Movie Mom

Movie Mom


Be Kind Rewind

posted by Nell Minow
B+
Lowest Recommended Age:Middle School
MPAA Rating:Rated PG-13 for some sexual references.
Profanity:None
Nudity/Sex:Some sexual references
Alcohol/Drugs:None
Violence/Scariness:Comic peril and violence
Diversity Issues:Diverse characters
Movie Release Date:February 22, 2008
DVD Release Date:June 17, 2008

be%20kind%20rewind.jpgThis charming little fairy tale is more than a sweet and heart-warming story; it is a thoughtful exploration of the power of stories, why we are enthralled by
hearing and watching them and why we are even more captivated by telling them.


Mr. Fletcher (Danny Glover) owns a broken-down little video store in a broken-down building in a broken-down neighborhood in Passaic, New Jersey. No DVDs, just videos. The whole place is about to be condemned and torn down to make way for a boring new shoebox of a building. He leaves to investigate the competition, with Mikey (Mos Def) in charge. But Mikey’s best friend Jerry (Jack Black) accidentally erases all the movies. When Mr. Fletcher’s friend (Mia Farrow) asks for Ghostbusters , Mikey and Jerry decide to re-create it for her. Like a game of Telephone or a fax of a fax of a fax, there is some alteration of the underlying material when it is reproduced. For one thing, the new version is only 20 minutes long. When it turns out to be a hit, Mikey and Jerry start re-making everything from Robocop to The Lion King. Suddenly, there are lines of customers wanting the “sweded” editions (the term is an emergency improvisation). But Hollywood sends a lawyer (an hilarious meta cameo from the star of one of the remade films) to shut it down. Will that be the end of the Be Kind Rewind video store? Of the sweded films?
The film is so sweet that it would be easy to dismiss it as a sugary fairy tale, but attentive audience members will find much more. First, it is a passionate and knowing love letter to the movies and our deeply personal connections to them, not just those that are paid tribute through sweding but those glimpsed in posters and those tenderly paid tribute through reference. When a character says that they can get rid of all of the categories in the video store except for action/adventure and comedy, that is not to chide audiences for only wanting to see mindless Hollywood multiplex fodder; it is a meta-statement about stories and how all of them, from “Hamlet” to “Superbad” can be seen as one or the other — or both. Form equals content as this movie demonstrates that sunny does not mean superficial and kindness, a virtue so important it is recognized in the title, does not mean naivite.
Gondry’s understatedly whimsical visuals are not just witty but illuminating as they translate the effects and images of the huge-budget blockbusters from high-tech to high-touch, from pixels to old-school. Some of the visual effects are not just charming and whimsical but genuinely breathtaking, like a camouflage effect that is pure magic. Much of the charm comes from the transformative power and literal re-creation of humble simplicity and found objects, of toys and photocopies and ruins and Christmas decorations. These objects are used to create art the way that the plain and the simple and the base in people’s lives is transformed to give them a glimpse through stories of what their lives can be, of who they can be, of how they can be part of something. A piano keyboard is made up of black and white fingers of the community brought together to make their own epic drama.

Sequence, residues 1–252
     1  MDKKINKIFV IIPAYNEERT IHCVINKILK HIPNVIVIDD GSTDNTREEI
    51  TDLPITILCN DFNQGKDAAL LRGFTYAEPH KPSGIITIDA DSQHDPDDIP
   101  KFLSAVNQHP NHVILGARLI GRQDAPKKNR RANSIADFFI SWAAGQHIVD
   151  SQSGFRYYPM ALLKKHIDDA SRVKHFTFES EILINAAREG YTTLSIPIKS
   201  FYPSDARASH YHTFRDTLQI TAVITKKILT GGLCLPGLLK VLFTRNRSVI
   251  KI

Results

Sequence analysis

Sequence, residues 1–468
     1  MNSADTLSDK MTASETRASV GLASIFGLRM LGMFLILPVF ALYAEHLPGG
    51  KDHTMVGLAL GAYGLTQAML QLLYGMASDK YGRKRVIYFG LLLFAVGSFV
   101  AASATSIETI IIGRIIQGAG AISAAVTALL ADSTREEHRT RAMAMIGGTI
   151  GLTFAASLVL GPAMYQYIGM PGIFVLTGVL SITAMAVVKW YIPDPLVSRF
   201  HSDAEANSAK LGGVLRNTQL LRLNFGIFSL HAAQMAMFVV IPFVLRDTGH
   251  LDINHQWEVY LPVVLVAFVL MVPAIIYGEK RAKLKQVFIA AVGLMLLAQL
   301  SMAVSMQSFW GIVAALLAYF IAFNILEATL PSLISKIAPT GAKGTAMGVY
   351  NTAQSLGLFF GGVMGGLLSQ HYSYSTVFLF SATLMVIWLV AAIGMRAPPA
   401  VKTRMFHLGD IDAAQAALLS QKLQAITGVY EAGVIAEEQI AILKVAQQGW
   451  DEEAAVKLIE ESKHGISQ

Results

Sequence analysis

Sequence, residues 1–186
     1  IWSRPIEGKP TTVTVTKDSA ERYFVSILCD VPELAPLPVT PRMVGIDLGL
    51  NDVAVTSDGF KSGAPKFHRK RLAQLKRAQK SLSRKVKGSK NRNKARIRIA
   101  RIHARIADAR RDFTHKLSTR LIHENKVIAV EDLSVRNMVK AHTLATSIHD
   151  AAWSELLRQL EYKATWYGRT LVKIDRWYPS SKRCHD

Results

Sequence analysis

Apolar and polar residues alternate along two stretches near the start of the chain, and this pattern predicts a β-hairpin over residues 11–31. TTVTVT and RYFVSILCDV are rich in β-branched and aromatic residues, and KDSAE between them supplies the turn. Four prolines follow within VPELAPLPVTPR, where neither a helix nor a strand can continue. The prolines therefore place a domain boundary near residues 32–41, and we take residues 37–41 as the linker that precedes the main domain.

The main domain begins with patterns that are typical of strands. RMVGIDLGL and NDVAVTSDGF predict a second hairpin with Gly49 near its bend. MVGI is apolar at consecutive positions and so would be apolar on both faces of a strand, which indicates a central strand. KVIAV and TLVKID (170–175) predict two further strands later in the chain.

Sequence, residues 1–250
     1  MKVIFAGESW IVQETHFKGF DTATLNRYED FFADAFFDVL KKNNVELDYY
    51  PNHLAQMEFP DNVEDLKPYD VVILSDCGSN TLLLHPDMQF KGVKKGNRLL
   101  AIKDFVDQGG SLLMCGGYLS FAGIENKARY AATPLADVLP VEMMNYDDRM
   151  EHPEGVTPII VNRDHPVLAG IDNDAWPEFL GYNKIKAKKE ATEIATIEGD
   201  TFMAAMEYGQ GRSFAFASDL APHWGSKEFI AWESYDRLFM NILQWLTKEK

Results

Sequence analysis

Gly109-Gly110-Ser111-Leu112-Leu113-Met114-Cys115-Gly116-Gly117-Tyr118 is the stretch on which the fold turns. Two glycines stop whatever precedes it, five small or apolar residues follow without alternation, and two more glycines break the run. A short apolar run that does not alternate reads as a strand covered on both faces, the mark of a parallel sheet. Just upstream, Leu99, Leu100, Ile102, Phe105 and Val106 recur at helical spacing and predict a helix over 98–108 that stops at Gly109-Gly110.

The performances feel as improvised and joyous as the sweded films, especially the marvelous Melonie Diaz of Raising Victor Vargas , who has an effervescently natural screen presence that is utterly endearing.
Like the sweded films-within-the-film, “Be Kind Rewind” comments on the irresistible appeal of the movies it loves. As a whole, it is something of a sweded version of Capra’s fables of good, honest people coming together to triumph over meanie money-and-power grubbers, a little smudgy and held together with duct tape, maybe, but all the more fun because of it.
Parents should know that this film has some comic peril and violence (no one badly hurt) and some crude humor, bodily function jokes, and sexual references.
Families who see this film should talk about which movies they would most like to “swede.” Why did the customers prefer the “sweded” films?
Families who enjoy this film will also enjoy Gondry’s The Science of Sleep and Eternal Sunshine Of The Spotless Mind (mature material). And they should listen to some <a href="http://www.amazon.com/gp/product/B00004X0AT?ie=UTF8&tag=nellminowthemovi&linkCode=as2&camp=1789&creative=9325&creativeASIN=B00004X0AT"Fats Waller, watch Gondry’s “sweded” version of his own trailer and his sweded version of the internet and “swede” your own movies website. You can send in your own sweded movies here.



  • Mo Cordrey

    HI Movie Mom,
    I have a question for you. IT has nothing to do with movies but its important to me. When do you think its the right time to get a child a cellphone?
    PLEASE REPLY SOON!!!!!!!!!!!!!!!!!!!
    MO

  • Nell Minow

    Thanks for writing! But there is no easy answer to the question about when to give a child a cell phone. Some of the factors to consider are whether the child is organized and responsible enough to keep track of the phone and mature enough to manage the phone without getting pulled into a lot of drama with friends about calls and texting.
    There are some good guides to cell phones with enough features to make kids happy but with enough protection to be reassuring to parents. You can see one of them here.
    I’d be glad to advise you further if you want to tell me more about the situation. I wish you luck and hope you will let me know what you decide. Best wishes to you and your family.

  • Pingback: Adorable “Sweded” Trailers for “The Lego Movie” - Movie Mom

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